Canadian pipelines pass through all kinds of terrain – from farmland to foothills. With each new environment comes an equally diverse wildlife population. Pipeline companies have several methods to minimize the impact on animals along pipeline rights-of-way.
Every pipeline project starts with a wildlife assessment to identify the types of wildlife along a proposed route, and the risks involved for each species. Where pipelines could impact sensitive species, such as caribou or migratory birds, specific mitigation and monitoring plans are developed to minimize direct and indirect effects on their populations.
By planning construction for a particular season, and sticking to a tight schedule, pipeline companies can minimize the impact on wildlife. They are also careful to adapt disruptive features bordering the pipeline right of way that might disturb animal movements.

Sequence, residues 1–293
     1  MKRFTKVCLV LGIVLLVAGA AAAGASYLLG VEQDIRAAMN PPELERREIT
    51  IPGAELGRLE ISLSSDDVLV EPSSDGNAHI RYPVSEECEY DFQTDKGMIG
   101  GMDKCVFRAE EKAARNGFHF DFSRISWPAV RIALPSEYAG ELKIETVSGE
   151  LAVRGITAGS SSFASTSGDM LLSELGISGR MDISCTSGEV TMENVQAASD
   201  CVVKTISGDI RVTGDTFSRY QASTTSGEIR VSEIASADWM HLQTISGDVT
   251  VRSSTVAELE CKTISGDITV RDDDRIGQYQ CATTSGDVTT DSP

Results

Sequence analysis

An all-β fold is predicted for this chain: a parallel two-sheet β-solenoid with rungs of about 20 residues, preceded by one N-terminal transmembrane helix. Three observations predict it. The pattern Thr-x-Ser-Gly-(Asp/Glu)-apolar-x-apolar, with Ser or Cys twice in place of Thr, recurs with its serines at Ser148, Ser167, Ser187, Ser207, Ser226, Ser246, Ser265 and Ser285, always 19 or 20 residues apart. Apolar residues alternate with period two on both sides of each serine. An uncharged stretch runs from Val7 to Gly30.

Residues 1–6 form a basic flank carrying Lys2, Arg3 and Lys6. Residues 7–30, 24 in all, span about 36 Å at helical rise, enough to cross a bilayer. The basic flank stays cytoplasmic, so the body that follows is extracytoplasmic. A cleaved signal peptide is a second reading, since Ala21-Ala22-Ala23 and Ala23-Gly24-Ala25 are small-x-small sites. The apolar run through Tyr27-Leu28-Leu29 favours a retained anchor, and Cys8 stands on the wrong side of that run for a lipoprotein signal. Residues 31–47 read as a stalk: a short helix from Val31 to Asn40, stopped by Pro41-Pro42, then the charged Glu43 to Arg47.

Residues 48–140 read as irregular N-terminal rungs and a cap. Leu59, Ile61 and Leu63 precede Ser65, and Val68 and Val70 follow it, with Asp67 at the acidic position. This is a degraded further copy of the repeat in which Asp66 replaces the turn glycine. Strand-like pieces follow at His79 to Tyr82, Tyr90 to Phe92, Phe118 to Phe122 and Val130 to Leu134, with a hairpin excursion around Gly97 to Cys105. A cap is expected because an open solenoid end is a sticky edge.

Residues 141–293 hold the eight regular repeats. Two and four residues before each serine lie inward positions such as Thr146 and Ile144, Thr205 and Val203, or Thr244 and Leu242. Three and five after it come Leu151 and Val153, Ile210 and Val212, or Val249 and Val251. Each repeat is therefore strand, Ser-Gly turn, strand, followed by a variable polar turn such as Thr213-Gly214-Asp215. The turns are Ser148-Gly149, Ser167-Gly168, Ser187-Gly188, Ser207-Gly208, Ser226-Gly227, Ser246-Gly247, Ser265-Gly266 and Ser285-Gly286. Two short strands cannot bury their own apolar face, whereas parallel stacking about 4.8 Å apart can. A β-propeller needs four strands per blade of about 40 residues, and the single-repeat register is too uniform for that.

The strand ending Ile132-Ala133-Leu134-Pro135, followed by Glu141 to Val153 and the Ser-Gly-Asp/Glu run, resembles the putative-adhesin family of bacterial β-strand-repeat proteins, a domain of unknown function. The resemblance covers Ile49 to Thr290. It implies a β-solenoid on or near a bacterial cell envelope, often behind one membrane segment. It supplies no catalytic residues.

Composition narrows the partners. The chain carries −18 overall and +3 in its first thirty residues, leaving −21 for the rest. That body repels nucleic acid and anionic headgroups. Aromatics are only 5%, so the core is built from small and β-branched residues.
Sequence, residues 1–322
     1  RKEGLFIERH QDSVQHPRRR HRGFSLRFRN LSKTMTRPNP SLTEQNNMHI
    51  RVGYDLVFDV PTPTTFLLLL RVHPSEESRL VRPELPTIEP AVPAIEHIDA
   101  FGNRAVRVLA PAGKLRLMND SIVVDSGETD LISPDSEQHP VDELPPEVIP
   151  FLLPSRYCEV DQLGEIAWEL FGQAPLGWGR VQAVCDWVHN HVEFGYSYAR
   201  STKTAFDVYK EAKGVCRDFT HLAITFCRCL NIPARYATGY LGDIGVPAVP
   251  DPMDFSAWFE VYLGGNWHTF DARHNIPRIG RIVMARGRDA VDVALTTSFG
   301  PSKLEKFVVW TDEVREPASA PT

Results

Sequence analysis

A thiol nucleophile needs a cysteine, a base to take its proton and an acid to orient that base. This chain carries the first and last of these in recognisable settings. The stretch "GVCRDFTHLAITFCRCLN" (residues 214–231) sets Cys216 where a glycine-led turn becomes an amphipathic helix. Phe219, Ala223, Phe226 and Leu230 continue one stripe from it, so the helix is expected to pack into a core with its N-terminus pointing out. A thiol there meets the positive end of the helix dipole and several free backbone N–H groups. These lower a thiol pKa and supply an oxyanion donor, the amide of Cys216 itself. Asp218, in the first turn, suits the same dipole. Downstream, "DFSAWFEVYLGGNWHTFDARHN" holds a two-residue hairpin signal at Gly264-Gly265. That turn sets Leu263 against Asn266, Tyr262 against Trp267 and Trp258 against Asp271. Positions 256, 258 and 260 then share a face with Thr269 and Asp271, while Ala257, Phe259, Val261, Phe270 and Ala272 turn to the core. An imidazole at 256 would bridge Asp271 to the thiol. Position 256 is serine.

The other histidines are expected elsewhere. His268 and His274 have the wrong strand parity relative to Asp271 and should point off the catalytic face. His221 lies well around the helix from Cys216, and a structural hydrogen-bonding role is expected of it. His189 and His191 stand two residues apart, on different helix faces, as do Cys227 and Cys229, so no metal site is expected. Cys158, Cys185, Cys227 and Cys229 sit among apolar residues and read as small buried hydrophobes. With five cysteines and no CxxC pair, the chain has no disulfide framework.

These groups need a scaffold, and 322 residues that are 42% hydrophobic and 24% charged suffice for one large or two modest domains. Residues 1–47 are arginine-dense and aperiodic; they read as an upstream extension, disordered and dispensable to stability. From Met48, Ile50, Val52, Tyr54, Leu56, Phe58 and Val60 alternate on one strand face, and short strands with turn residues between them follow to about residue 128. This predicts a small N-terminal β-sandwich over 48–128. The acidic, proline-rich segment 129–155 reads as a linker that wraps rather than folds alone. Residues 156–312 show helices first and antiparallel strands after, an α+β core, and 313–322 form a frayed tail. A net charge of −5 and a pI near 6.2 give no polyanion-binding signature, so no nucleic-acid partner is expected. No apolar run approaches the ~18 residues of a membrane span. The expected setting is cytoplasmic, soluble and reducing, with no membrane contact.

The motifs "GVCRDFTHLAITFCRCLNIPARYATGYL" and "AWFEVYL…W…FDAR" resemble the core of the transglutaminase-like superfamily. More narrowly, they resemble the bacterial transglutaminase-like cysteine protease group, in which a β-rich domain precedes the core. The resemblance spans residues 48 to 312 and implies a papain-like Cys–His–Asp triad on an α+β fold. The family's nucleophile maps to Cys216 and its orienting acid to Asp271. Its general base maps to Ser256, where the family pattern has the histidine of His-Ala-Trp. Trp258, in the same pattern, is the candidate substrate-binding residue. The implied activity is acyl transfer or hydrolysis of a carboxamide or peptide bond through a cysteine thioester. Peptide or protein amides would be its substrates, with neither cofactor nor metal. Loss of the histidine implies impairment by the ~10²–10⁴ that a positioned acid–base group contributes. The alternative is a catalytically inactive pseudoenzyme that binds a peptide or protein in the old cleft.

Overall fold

If a leak is detected, emergency response plans are activated to control the spill and limit the damage, and that includes any harm to wildlife.
Emergency crews quickly contain the site so wildlife cannot enter the area. Air cannons are used and visual deterrents including shiny reflectors, flags, balloons, kites, smoke, scarecrows and model predators are used to keep animals away. Crews also put-up fences and patrol the area to keep wildlife from entering.
Whenever possible, any wildlife that has been harmed will be carefully cleaned and released back into the wild. Wildlife experts will also monitor the area as the clean-up progresses to ensure no long-term damage occurs.